Everyone knows the list of candidates out there. And with each candidate brings a thousand different opinions. I've been absorbing all these opinions and stats and everything. As a concerned Cubs fan, I think this slot is a huge thing that can't be filled by some nobody. After watching the Cubs lose their NINTH playoff game in a row this October, it became obvious to me that yes, the pitching was terrible, but also there was no hitting. Which is why I think the Cubs need to go after someone who swings a big bat.
Here are some things that need to be taken into consideration when going after this right fielder:
Defense: Defense becomes a factor because of the (IMO) lack thereof in right field. Look we all know that Soriano isn't going to be winning a gold glove any time soon. I know most fans out there aren't ok with that. But I know also that we'd be happy (well, just not as ticked off) if he didn't do the hop every time a ball comes towards him. I don't think that there's much need to worry about center field, given two players with great defensive skills, given that Piniella sticks with the platoon of Reed Johnson and Felix Pie. One thing to consider also, is that in close games, Fukudome CAN come in and play right field. Right field at Wrigley, as we all know, is considered one of the hardest places to play defense, along with center field in Houston and left field in Boston.
Speed/RBIs: Speed is a factor of defense yes, but this is more in reference to on the basepaths. The Cubs don't have a clear cut basestealer. Theriot is good for some but he is almost just as likely to get caught then to successfully steall a base. And we all know that Soriano isn't healthy all of th time and Lou doesn't like to risk injury with him. A good basestealer is important to getting men in scoring position and scoring more runs. The tradeoff to all of this is that the right fielder can drive in a bunch of runs. If this right fielder can't get on base and steal bases, then maybe he can drive in runs through home runs.
Leadership/Intangibles: Al has suggested many times that we go after somebody like Kevin Millar, who can provide leadership and stability when the team is in a tense game or the playoffs. Someone who is good at doing that is able to keep the clubhouse loose and probably has been there before. Think about it: someone who has been to the playoffs and on winning teams knows what it takes to be successful. That person can transfer that knowledge over to the Cubs. It doesn't seem like the Cubs have much of a problem keeping the clubhouse loose during the season. They seem to have a lot of players who are funny guys, and there were many times over the season where the cameras would go over to the dugout and everyone would be laughing. Dempster and DeRosa are two guys who stand out in my mind (common knowledge, I know). So maybe just having that experience of winning is good. And obviously not someone who hates his teammates or avoids them (Barry Bonds anyone?).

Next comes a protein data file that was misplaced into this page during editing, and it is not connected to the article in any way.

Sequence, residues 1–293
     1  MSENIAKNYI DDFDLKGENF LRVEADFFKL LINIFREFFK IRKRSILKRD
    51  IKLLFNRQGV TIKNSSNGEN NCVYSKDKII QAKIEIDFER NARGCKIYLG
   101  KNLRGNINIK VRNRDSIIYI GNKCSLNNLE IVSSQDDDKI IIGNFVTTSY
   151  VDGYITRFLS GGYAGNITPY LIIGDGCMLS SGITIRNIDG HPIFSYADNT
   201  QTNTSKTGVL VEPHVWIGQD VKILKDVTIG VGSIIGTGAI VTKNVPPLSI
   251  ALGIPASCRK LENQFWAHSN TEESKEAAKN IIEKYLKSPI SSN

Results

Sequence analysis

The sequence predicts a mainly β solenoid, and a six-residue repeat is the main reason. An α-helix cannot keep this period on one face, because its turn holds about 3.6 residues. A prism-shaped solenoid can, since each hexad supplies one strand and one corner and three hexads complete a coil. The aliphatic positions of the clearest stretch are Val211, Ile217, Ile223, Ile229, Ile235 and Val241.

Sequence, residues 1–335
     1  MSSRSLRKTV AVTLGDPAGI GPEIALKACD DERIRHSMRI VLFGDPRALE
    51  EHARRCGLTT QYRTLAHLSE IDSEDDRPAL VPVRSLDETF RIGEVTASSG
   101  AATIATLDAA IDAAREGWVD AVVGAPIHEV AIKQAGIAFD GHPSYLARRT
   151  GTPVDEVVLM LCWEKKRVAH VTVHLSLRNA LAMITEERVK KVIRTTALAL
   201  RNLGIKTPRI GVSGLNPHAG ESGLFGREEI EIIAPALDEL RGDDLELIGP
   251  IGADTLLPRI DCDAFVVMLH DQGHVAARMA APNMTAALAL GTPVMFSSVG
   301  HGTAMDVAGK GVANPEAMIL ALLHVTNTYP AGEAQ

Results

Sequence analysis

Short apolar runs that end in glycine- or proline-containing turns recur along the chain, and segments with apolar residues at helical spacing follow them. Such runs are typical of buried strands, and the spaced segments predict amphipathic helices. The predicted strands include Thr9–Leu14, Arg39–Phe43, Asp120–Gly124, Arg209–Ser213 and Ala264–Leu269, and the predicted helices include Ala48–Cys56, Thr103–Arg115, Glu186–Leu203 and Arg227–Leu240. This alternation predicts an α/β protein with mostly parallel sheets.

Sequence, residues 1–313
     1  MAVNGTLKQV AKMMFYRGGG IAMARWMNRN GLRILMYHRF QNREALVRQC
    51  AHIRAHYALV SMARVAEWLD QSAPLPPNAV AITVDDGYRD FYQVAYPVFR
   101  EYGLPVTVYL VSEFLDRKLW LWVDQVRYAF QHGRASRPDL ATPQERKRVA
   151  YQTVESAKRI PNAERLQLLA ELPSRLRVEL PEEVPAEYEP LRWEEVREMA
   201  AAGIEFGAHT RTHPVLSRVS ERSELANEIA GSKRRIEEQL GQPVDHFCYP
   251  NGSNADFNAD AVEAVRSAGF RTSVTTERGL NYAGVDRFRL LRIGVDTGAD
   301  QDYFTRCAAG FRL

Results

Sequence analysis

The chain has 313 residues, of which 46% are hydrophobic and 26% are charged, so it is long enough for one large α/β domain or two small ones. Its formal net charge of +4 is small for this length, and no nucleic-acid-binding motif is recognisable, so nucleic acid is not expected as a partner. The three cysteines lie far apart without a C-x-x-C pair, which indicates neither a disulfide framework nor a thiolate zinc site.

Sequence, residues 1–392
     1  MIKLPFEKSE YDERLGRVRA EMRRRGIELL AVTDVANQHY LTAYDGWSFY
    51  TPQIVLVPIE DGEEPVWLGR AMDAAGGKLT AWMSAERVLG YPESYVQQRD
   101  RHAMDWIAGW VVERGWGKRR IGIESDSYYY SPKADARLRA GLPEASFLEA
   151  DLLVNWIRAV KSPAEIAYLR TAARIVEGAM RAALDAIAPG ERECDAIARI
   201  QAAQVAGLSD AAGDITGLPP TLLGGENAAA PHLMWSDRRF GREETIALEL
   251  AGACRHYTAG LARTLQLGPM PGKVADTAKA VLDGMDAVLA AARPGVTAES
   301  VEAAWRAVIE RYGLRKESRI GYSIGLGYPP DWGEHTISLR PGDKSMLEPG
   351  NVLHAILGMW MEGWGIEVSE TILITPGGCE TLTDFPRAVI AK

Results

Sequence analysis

I leave hitting out actually. I know hitting is important but we don't NEED a 30 home run guy. We had the best record in the league without having a single player hit above 30 home runs or .310. The team seems to be good at driving in runs in many ways, and as it has been said many times before, there is no clear MVP of the team. I'm saying we do need someone who fits that mold, someone who can hit on a consistant basis but doesn't need to be an MVP candidate by any means. Just not someone like Fukudome or Alex Gonzalez of the 2003 team.
So given this information, who do you think fits the mold? My vote has and still is for Adam Dunn. Minus the experience of being on a playoff team, he is consistant and a fun guy in the clubhouse. He does hit well and gets on base often, which does go against what I say but who's going to turn away 30 homers a year? My second candidate would be Hermida. I like his youth and speed and athleticism and I think his hitting is strong and could become much better at Wrigley. Again, this is just my opinion though. i write this post to hear your opinions.